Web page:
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Farms in Wales could boost profitability by over 40% by adopting nature-friendly approaches – report

08 May 2023 4 minute read
Photo Hywel Morgan

A new report suggest farms in Wales could boost profitability by over 40% by adopting nature-friendly approaches which balance food production with the natural environment.

The report published by the Nature Friendly Farming Network Cymru (NFFN) presents evidence of an average increase in farm profitability of 42% when farms actively work with the natural environment to manage production sustainably.

NFFN says its research, based on Evidence from over 50 farms in the UK, including 10 in Wales, shows such an approach can simultaneously restore nature, cut input costs and boost profit margins.

The report calls for long-term funding, ambitious change in policy and sufficient reward for Welsh farmers to enable them to transition to sustainable farming methods which restore ecosystem health and mitigate climate change.

It claims previous farming subsidies under the EU Common Agricultural Policy, designed to increase productivity after the Second World War, have largely contributed to farm inefficiencies, biodiversity loss, soil erosion and land degradation.

The rising costs of environmental damage, such as declining soil health, are absorbed by farm businesses resulting in dependency on expensive artificial inputs to substitute the landscape’s natural fertility. After the war in Ukraine pushed up prices and disrupted supply, rising chemical fertiliser prices added an estimated £160 million to farming’s bottom line.

The report argues that increasing inputs doesn’t guarantee higher rates of profit if the natural environment is damaged or pushed beyond its natural capacity.

Public money

In 2020-21, the average farm income in Wales was £34,300 – the lowest in the UK – two-thirds of which came from public money.

In Wales, feed costs are the largest contributor to farm expenses, accounting for 35% of all inputs, followed by pesticides, fuel and artificial fertilisers.

The research highlights a framework, coined the Maximum Sustainable Output (MSO), that reduces input reliance by adopting a range of regenerative farming techniques to enhance soil health and restore biodiversity. Taken together, these measures represent a potentially significant reduction in input costs for farmers with beneficial returns for the environment.

The new Nature Means Business report has been published just weeks before the Welsh Government’s Stage 3 debate of the Agriculture Bill, which aims to support the resilience of agricultural businesses by encouraging environmentally sustainable food production.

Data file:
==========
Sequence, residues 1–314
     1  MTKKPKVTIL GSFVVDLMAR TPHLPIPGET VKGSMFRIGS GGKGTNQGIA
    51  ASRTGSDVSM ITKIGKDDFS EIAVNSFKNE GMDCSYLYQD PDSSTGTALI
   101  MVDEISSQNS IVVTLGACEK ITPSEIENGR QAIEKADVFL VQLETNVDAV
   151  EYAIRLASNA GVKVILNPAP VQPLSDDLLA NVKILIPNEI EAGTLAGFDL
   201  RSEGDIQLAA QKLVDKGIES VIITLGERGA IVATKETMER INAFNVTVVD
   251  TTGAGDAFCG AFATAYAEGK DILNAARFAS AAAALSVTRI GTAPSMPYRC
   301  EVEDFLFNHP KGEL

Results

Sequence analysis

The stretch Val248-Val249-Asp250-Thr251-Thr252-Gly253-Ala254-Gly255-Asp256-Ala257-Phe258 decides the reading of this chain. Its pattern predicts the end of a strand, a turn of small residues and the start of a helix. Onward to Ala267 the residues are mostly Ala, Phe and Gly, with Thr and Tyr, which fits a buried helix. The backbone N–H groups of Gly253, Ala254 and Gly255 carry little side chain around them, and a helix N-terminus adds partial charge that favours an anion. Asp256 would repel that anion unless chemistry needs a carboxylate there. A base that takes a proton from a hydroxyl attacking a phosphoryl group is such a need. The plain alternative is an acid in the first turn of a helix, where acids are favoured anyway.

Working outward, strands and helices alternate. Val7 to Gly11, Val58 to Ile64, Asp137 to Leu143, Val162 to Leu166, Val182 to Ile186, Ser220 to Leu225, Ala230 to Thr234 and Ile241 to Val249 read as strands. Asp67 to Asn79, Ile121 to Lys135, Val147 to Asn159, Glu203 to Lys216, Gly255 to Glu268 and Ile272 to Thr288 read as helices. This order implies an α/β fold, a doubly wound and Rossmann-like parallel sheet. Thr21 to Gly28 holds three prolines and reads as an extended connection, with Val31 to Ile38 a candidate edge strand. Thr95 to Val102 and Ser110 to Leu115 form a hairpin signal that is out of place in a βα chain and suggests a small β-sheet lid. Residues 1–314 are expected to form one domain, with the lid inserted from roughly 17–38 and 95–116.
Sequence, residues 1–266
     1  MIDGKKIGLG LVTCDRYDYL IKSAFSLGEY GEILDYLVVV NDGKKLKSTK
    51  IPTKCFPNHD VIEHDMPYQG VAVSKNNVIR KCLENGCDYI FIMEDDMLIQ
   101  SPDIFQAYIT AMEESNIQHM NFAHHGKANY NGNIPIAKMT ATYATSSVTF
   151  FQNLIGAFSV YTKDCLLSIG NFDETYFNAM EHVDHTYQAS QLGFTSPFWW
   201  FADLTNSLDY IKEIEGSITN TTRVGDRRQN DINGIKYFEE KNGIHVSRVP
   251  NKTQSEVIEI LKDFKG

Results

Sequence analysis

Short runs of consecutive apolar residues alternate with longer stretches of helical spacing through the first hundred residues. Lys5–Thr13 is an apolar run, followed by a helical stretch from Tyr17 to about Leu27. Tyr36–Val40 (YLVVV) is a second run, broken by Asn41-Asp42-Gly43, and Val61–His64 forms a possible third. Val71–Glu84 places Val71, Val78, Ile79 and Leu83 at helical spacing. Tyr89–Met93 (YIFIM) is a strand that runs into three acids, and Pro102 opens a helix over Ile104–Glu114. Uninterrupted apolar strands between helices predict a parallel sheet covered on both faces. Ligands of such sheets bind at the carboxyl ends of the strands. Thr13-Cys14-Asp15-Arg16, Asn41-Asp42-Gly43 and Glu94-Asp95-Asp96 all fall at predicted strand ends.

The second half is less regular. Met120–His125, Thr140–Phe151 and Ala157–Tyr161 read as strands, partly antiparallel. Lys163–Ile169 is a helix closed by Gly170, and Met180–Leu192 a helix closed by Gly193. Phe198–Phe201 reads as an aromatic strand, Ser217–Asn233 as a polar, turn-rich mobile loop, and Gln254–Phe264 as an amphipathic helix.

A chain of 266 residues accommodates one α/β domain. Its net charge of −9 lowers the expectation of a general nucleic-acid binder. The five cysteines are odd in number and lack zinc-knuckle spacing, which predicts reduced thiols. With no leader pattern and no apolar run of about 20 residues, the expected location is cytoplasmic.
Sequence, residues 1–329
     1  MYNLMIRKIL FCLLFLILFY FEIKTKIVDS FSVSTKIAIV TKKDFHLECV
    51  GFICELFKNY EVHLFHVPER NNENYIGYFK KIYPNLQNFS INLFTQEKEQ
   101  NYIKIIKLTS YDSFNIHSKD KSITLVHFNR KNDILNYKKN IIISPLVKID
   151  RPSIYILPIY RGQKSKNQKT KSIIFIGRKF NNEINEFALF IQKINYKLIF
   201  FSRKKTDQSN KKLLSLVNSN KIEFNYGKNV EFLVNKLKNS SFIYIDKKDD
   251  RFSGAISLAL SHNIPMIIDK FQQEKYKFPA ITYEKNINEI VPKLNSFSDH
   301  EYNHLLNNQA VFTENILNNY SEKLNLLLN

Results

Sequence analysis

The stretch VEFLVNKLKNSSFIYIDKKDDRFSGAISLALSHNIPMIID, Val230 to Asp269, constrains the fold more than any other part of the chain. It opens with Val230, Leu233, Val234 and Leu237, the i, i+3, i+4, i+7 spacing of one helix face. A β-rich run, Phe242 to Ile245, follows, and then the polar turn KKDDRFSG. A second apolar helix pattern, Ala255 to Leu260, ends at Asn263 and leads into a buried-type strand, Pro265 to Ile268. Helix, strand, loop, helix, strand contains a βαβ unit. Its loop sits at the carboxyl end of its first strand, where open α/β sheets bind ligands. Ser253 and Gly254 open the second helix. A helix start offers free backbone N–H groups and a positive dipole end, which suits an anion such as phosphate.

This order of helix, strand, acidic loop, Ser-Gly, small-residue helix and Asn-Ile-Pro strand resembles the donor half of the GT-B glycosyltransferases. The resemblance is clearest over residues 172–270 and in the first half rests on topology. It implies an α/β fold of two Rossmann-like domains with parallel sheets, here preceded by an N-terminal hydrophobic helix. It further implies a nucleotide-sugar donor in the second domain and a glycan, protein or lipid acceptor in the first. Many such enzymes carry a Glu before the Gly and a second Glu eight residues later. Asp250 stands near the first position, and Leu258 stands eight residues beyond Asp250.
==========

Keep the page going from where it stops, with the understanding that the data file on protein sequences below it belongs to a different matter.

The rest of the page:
NFFN Cymru says it remains supportive of the Bill but cautions that it must go to great lengths to address the climate and nature crises by moving at pace to phase out the Common Agriculture Policy and replace it with policies that encourage and reward nature-friendly practices.

Healthy soil

Hywel Morgan, NFFN Cymru Chair, and farmer at the Bannau Brycheiniog National Park said: “Many farmers know that healthy soils and a thriving natural environment are good for business; they help create resilient, reliable and productive farms.

“The value of nature in farm profitability cannot be overlooked. But we need the Welsh Government to uphold this vision for agriculture in the upcoming Agriculture Bill and Sustainable Farming Scheme, so we make this way of farming the norm.”

NFFN Cymru Sustainable Farming Lead, Rhys Evans, added: “The Agriculture Bill is the last chance we have in Wales to create a framework for supporting farmers in tackling the biggest challenges our nation faces.

“The nature and climate emergencies are at a point where merely protecting our existing resources is not enough – we must take action to actively enhance our environment.

“Regenerative farming aims to do this, beginning by improving our soils. We need fair rewards and incentives for the whole of the sector to transition to nature-friendly farming practices that restore and protect our natural environment while sustainably producing high-quality food.”


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The Original Mark
The Original Mark
9 months ago

When will these reports start pointing the finger at supermarkets, they’re the ones that are driving farm prices down while increasing shelf prices and making a massive profit, Farmer’s aren’t given a choice, the industry is being forced down the intensive production route it’s about time farmers got a fair price for the work they put in to producing food. It’s all too easy to keep blaming “the farmer” the two worst things that happened to UK farming were the EU and supermarkets.

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